- Ph.D., University of Washington
- MSc., Botany, Miami University, Ohio
- Assistant Professor, Biology
- Black Hills State University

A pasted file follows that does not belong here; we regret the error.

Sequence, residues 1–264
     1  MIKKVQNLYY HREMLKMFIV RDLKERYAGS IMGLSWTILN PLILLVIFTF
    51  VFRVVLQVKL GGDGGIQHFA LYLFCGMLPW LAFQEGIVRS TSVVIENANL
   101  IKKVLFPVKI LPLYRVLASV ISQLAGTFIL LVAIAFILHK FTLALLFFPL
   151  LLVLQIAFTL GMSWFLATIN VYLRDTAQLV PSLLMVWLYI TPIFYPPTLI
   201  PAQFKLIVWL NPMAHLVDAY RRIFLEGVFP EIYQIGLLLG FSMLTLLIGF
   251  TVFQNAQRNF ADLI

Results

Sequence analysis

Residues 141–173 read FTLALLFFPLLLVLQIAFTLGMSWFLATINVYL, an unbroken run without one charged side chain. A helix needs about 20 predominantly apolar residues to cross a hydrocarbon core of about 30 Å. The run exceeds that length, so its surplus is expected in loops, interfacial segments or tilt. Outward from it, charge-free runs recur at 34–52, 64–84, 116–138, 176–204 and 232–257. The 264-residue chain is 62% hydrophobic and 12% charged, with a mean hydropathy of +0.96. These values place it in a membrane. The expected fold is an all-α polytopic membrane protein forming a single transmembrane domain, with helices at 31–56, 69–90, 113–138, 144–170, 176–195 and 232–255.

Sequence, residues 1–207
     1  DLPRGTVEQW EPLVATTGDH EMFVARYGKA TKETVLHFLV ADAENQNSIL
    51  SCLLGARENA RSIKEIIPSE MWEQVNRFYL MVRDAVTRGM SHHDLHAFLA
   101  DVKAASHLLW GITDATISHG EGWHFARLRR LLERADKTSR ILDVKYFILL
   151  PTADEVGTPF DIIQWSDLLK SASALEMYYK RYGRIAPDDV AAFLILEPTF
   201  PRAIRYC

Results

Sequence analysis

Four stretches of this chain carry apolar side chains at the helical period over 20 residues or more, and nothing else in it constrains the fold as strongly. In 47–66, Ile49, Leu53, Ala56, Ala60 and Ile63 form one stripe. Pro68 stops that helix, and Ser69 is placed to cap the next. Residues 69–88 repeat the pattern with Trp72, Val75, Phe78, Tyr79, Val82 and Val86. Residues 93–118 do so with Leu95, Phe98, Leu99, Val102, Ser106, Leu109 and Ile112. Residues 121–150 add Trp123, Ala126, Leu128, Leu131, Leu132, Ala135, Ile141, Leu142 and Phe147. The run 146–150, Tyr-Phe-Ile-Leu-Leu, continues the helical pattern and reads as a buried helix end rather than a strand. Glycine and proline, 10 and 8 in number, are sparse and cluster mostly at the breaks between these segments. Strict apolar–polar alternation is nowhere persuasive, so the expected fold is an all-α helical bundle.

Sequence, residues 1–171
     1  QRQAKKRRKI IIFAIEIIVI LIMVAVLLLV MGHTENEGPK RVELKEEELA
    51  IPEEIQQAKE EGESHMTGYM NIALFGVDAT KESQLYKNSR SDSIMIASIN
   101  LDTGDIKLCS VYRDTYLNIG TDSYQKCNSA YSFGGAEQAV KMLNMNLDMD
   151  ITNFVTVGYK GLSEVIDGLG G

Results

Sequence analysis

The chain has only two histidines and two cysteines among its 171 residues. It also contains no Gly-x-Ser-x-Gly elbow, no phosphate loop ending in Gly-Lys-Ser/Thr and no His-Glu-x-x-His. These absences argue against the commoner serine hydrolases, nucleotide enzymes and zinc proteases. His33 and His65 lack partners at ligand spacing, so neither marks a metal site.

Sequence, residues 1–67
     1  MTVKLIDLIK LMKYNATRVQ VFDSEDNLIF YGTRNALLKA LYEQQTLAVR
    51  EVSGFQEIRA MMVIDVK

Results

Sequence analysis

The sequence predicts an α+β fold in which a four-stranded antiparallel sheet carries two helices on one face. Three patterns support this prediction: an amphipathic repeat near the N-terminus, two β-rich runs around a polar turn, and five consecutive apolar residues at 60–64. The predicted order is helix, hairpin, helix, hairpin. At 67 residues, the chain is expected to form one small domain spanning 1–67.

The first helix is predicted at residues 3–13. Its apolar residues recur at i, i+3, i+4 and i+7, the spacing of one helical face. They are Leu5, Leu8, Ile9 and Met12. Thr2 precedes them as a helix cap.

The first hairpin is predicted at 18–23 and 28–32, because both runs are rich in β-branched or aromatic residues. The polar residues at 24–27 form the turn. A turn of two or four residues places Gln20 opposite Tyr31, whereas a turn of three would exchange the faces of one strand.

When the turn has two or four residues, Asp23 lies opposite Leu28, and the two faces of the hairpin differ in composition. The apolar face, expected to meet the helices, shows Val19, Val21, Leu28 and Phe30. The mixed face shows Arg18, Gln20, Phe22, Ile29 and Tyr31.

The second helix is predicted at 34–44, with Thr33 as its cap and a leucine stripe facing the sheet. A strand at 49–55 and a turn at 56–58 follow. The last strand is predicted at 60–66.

Sporadically across South Dakota, sparsely vegetated prairie barrens occur on exposed marine sediments -- remnants of the Sundance Sea that covered the region in the Miocene. Soils in these sites have unusual physical properties as well as accumulations of trace elements. Based on their use n livestock grazing, prairie barrens are likely entry points of arsenic, cadmium, nickel, selenium, thalium and other elements into the human population. This research project integrates analytical chemistry methods with rigorous field environmental measurements to test associations between plant community structure and edaphic features; in the future, "hotspots" in the landscape may thus be identified based on more cursory site surveying. Since 2018, we have assessed 50 lowland sites on multiple geological formations, including barrens and nearby "control" prairies. We find a wide range of physical traits in study sites, with prairie barrens tending to have finely-textured soils, basic pH values ((≥8.0), and high electroconductivity (>1,000 μS); concentrations of arsenic, selenium and other elements greatly exceed typical values reported in the USA. Common barren species include poisonvetches, prince's plume, Xylorhiza, and sandreed. Multivariate ordination methods are being used to evaluate correlations between quantitative field data (percent species cover) and soil traits measured in the lab.